The school year is coming to an end and your scrap box is full of leftovers from a year full of masterpieces. What to do with a few googled eyes, seven buttons, a knot of yarn, and some broken wooden sticks? It’s not enough to for an organized class assignment and your choice artists only want new stuff for their art. However, it is the perfect inspiration for some mixed media.
Louise Nevelson, at http://www.theartstory.org/artist-nevelson-louise.htm, was born 1899 in Kiev, Russia Empire and died April 17, 1988. Throughout her art career, although she studied the usual topics in art such as drawing and painting, the art that gained her fame were small intimate boxes full of found objects. Bringing the smaller pieces together, she created a piece of unity.
In you classroom, collect or build boxes from cardboard, miscellaneous pieces of foam boards, wood or craft sticks. Glue the small treasures that are left in your scrap box to the inside and spray paint a solid color. A project such as this can promote collaboration within your classroom to create unity at the end when all the cubes are put together. Give the students the choice of sizes, variety of inner pieces and location as you bring everything together. Not only an art piece, but also a character building activity. All different, working together to create harmony.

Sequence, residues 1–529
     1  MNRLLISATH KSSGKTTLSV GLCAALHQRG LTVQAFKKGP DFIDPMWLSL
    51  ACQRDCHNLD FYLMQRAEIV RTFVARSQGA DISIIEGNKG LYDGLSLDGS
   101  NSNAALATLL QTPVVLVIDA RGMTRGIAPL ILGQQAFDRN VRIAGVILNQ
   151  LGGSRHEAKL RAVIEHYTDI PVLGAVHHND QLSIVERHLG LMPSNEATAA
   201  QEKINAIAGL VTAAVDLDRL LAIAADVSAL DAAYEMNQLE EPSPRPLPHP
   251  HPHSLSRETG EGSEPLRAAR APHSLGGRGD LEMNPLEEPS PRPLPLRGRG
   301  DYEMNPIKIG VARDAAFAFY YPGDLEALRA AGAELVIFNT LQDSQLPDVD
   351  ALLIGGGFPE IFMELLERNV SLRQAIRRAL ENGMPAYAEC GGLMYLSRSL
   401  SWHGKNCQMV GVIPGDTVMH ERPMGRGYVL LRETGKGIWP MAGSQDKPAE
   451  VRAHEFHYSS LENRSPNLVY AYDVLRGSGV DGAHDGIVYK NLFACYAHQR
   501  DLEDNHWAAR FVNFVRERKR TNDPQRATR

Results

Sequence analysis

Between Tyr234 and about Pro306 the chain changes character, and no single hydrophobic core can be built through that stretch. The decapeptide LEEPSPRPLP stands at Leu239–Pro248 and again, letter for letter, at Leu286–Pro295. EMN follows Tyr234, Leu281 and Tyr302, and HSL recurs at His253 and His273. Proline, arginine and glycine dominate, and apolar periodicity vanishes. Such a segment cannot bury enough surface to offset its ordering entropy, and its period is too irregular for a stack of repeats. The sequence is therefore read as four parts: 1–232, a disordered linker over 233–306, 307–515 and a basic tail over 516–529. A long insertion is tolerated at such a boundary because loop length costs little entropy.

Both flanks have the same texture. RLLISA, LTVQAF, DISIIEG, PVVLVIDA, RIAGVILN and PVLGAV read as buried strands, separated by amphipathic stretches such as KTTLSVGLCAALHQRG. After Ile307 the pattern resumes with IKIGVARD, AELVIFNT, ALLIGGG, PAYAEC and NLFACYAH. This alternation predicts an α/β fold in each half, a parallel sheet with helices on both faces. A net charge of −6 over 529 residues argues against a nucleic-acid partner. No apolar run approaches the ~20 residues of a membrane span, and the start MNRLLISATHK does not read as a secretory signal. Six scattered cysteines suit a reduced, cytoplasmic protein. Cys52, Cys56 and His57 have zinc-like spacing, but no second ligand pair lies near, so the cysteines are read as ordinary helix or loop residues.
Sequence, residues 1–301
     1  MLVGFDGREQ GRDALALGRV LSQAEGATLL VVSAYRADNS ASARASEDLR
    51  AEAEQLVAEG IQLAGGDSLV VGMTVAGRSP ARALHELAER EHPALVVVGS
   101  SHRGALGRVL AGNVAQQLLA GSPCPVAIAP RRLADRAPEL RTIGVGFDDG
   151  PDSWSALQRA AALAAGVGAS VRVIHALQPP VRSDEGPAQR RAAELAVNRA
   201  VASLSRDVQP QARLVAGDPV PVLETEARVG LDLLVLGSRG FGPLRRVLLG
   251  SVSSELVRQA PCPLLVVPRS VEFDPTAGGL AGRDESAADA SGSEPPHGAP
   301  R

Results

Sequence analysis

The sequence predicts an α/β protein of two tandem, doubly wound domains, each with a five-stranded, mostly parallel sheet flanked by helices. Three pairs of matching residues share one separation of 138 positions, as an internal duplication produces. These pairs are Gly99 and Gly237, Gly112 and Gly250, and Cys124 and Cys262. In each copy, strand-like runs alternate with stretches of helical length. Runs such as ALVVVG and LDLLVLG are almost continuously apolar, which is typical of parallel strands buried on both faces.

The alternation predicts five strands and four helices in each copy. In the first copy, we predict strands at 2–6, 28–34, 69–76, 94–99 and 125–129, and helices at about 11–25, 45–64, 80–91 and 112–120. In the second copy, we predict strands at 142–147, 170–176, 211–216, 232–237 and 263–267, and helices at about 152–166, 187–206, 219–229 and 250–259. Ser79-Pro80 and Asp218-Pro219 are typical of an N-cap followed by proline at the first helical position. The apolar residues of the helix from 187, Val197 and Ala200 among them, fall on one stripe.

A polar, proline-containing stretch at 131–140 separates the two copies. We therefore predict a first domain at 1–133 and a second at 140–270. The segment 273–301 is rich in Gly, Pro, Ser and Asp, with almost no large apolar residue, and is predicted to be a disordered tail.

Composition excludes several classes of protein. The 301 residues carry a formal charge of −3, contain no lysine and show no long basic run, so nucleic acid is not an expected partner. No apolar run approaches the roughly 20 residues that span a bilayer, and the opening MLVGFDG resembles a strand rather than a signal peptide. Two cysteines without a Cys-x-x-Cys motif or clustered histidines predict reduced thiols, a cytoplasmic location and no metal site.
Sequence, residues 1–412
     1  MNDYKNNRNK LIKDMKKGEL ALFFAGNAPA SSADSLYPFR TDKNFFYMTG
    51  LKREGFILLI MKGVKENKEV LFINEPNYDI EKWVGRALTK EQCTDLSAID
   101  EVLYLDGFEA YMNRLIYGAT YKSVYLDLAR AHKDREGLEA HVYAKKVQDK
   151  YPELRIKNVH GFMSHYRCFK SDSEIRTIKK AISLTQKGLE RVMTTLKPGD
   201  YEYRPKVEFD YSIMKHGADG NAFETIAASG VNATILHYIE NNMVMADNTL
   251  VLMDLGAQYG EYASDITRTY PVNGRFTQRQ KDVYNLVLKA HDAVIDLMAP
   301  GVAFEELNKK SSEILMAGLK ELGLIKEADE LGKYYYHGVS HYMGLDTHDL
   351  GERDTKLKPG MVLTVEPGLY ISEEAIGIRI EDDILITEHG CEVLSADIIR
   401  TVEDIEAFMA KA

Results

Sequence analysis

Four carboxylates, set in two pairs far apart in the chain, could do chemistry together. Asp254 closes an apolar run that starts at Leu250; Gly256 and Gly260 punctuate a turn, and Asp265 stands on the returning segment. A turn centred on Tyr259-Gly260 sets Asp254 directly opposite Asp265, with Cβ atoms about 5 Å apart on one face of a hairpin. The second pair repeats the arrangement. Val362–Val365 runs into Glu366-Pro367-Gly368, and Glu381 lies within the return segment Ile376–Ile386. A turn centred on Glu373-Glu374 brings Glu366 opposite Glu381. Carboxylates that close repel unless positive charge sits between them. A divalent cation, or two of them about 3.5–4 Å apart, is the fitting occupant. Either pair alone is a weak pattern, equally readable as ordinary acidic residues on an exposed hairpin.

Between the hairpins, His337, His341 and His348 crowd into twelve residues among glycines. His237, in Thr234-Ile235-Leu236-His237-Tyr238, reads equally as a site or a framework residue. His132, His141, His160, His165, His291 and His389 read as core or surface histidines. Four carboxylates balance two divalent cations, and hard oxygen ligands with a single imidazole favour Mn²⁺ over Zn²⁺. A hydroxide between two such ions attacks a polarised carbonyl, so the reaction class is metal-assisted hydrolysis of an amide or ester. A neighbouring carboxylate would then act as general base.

What is the difference between collage and mixed media? An art professor from years ago, now deceased, once explained that collage was more of a verb, meaning the act of gluing pieces to a surface to create a overall composition. Mainly, being one kind of supply or medium. Whereas, a mixed media is painting, assembling, gluing, and stamping, with more than one kind of a supply or media.
A fun activity with a lot of choice for your art class is to have them pick a theme. Together, demonstrate a quick drawing to place some basic images on a piece of heavy cardboard or canvas board. Using hot glue guns, trace over your pencil lines. The glue will create raised lines to paint within and added line variety as well as texture. Using acrylic paint or tempera, paint the background and images. While these are drying, gather the mixture of appropriate findings to help build your composition. A great time to teach the principles of design. A well planned mixed media should include all of the principles of design and art elements.
When sharing art with each other, discuss the different problem solving skills they demonstrated as they completed their theme inspired work of art. Do a search on Google for Mixed Media for Children for several examples. Be sure to demonstrate how to manipulate the pieces of scraps to become different parts of your idea.